How To Use Predictive Data Like Wawa and McDonalds

Two Case Studies In Predictive Analytics


For large companies, introducing a new product or marketing strategy always carries some uncertainty.

Will existing customers like the changes? Will they draw in new clients? Will they create enough revenue lift to be worth the costs of implementation? How accurately can the actual effect on income be measured?

Today’s predictive analytics can reduce much of this uncertainty, enabling firms to make better business decisions. Wawa and McDonalds are two of the latest companies to leverage big data predictive analytics, with the help of specialized companies.

When Wawa introduced a new flatbread sandwich, at first, it seemed like a roaring success. Customers were buying a lot of the sandwiches, but on closer analysis, its popularity was cannibalizing sales away from other, more profitable products. APT’s assessment identified the adverse effect on revenue, and the flatbread sandwich was pulled.

APT also assisted McDonald's with researching the decision to serve their breakfast menu all day. Their testing software tracked trials of the all-day breakfast service and concluded that it both drew in new customers, and led to existing customers spending more per visit. The decision to introduce an all-day breakfast service drove sales growth and helped to boost McDonald’s stock price.

Here are four tips to help your company reap similar successes by harnessing the power of predictive analytics.

1. Invest in Professional Data Scientists and New Technologies

Whether firms employ internal analysts or consult an outside firm, it’s well worth the investment to study business data using the latest analytics tools like the Hadoop software framework. In fact, there’s evidence that data-driven decision making might just be too rewarding to dismiss.

A Harvard Business Review study interviewed 330 North American companies, measuring both their use of data-driven decision-making and their performance metrics as reported by independent sources. Results showed the companies who were rated in the top 33% for using data-driven decision making of their industry had 5% higher productivity and 6% higher profitability than their competitors.

2. Use the RACI Framework to Make Agile and Inclusive Business Decisions

With the rapid growth of predictive data analytics in popularity and importance, firms must adapt their decision-making processes to take full advantage of the insights they gather. The challenge of today’s business world is that customers and the market demand more agility and rapid decisions, while at the same time, the use of more and more data means firms must include more stakeholder groups in the decision.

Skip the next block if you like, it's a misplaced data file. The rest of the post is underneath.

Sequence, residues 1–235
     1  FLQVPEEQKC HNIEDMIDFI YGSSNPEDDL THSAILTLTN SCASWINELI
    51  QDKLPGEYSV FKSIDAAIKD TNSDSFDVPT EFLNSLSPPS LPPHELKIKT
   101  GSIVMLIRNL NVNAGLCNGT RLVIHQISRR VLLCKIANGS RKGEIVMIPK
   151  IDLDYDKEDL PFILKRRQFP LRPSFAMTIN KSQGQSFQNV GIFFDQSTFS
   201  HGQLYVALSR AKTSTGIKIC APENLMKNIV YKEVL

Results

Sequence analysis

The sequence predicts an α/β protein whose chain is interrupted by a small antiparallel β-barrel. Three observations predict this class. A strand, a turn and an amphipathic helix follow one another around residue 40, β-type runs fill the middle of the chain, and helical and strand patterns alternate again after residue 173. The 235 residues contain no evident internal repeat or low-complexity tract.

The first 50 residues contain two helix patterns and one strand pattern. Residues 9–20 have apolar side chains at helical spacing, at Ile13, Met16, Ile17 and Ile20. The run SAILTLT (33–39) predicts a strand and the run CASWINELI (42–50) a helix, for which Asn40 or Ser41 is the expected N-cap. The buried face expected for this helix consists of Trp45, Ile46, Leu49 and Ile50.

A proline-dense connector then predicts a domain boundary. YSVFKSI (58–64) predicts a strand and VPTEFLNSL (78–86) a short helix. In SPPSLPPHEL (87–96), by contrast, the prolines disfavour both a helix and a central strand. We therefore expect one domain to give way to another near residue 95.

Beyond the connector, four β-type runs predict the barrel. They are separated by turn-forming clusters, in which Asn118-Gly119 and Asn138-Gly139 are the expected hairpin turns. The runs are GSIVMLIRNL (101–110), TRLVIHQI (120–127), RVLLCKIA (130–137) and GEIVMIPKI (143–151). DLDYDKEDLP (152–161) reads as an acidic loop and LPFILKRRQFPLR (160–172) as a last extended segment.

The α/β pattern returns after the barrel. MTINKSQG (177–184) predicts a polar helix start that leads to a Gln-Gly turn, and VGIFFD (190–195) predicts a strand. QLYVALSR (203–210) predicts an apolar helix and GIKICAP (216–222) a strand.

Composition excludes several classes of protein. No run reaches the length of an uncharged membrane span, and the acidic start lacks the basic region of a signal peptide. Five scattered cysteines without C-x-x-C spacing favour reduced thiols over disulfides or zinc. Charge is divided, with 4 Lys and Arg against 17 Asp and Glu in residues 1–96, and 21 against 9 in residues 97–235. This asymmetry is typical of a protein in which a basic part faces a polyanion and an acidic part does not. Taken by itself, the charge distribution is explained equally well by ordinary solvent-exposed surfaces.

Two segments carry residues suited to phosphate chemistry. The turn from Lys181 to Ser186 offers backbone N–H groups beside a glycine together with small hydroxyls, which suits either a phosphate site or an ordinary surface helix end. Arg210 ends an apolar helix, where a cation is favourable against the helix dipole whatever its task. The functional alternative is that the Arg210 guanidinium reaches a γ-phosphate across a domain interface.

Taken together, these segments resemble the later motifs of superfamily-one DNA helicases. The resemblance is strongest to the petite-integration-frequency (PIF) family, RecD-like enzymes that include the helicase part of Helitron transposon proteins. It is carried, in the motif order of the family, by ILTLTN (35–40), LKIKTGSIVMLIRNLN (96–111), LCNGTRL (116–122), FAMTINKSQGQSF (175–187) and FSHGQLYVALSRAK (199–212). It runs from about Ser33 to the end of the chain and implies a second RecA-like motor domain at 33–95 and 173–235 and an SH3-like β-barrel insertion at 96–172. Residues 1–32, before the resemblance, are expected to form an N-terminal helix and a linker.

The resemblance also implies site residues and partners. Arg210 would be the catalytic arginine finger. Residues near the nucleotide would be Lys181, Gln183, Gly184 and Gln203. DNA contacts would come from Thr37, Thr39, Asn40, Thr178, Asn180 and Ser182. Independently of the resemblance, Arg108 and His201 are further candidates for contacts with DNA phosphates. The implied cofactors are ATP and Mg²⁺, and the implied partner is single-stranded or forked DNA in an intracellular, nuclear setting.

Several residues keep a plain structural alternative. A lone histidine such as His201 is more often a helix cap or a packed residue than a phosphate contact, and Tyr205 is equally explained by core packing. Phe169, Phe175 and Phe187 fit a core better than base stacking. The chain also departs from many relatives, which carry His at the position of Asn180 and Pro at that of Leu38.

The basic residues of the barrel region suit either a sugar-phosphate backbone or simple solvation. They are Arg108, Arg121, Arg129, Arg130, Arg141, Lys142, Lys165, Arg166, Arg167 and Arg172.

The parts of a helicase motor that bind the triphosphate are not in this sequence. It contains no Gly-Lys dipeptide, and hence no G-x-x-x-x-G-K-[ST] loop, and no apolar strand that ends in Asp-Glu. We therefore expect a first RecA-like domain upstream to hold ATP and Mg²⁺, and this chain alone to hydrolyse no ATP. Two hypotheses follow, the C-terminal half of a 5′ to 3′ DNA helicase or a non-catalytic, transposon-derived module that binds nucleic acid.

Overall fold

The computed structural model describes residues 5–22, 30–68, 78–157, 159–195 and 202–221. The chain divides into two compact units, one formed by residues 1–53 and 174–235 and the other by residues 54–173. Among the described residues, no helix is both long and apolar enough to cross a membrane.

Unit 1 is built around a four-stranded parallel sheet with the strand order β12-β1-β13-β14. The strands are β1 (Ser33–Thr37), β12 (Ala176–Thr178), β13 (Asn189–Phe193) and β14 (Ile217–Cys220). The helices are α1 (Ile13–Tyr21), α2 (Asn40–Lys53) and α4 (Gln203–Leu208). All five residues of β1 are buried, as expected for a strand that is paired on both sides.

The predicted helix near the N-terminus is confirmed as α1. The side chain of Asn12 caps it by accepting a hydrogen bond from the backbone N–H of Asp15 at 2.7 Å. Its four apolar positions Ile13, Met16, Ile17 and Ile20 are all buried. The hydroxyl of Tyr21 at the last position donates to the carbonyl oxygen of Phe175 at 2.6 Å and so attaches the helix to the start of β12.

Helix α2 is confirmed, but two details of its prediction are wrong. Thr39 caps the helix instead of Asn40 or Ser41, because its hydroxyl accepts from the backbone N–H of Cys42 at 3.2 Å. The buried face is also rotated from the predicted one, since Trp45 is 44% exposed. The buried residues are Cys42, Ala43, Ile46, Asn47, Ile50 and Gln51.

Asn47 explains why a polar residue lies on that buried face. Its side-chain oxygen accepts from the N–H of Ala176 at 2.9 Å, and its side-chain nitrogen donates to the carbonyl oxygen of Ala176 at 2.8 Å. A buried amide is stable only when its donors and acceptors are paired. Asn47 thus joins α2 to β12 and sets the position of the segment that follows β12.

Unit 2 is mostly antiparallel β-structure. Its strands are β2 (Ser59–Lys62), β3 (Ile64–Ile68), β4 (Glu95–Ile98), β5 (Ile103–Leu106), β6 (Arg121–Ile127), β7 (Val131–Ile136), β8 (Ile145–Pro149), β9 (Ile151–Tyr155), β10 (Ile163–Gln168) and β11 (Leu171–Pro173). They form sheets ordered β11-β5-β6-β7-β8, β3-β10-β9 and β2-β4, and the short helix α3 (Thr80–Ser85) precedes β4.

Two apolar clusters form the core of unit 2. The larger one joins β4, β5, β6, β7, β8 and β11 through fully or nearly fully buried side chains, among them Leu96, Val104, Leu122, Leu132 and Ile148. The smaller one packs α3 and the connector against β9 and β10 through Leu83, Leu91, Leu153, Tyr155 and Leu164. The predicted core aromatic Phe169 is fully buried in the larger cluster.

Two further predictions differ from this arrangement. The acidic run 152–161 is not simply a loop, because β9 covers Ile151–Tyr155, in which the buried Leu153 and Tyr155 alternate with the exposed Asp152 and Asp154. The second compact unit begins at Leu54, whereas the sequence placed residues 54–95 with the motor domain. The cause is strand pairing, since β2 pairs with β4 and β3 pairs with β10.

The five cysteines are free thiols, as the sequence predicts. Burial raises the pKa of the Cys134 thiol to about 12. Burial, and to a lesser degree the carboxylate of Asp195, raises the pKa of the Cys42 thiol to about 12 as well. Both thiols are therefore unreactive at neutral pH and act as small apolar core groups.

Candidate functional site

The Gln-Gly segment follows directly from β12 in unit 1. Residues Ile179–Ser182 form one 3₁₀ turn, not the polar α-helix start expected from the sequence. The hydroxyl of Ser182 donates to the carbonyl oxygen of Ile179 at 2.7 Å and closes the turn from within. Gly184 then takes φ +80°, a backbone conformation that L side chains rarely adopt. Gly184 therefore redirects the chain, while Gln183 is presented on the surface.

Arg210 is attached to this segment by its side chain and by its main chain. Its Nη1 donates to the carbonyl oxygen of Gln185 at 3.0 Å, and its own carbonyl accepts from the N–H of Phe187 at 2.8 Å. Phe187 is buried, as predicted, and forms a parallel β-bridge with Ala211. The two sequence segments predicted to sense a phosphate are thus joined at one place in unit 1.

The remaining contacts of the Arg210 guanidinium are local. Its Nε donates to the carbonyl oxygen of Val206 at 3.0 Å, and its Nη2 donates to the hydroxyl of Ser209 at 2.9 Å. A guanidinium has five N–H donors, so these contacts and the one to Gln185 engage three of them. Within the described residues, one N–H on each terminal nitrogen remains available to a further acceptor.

The RACI framework is a useful tool for identifying and tracking all the required interested parties and their roles in the decision-making process. RACI stands for Responsible, Accountable, Consulted and Informed. Each stakeholder is designated in one of these categories, allowing project managers and leadership to identify critical individuals for a quick response when needed. Different groups can also opt in to participate in the RACI, which creates an inclusive process.

3. Don’t Rely Solely On HiPPOs

Many companies choose to develop a unique decision-making process that relies on the experience and instincts of senior leaders and outside consultants. This joint source of decisions is referred to as a 'HiPPO' or 'Highest Paid Person’s Opinion.' Given the demonstrated advantages for businesses that rely more on data analytics, it’s advisable for firms to de-emphasize the HiPPO and focus on data analysis. Although expertise in a given industry is still highly valuable, it’s much more efficient when paired with valid data. When data contradicts a leader’s instincts, they should be willing to defer to the conclusions it offers.

4. Set the Tone for a Data-Driven Company Culture

Becoming a data-driven organization calls for changes, including moving away from HiPPO-based decisions. Old habits can be hard to break, and many companies fall prey to the mistake of using data to justify decisions after the fact rather than using data to make decisions.

Leaders must commit to the data-driven approach and create organizational buy-in for new initiatives, from investing in new technologies and roles to navigating legal and privacy requirements around data use.

The trend toward leveraging predictive analytics is here to stay, and it’s been proven to deliver results. Industry expertise is still critical, but leaders who can’t blend this knowledge with data to make business decisions will eventually be left behind by their competitors who can.


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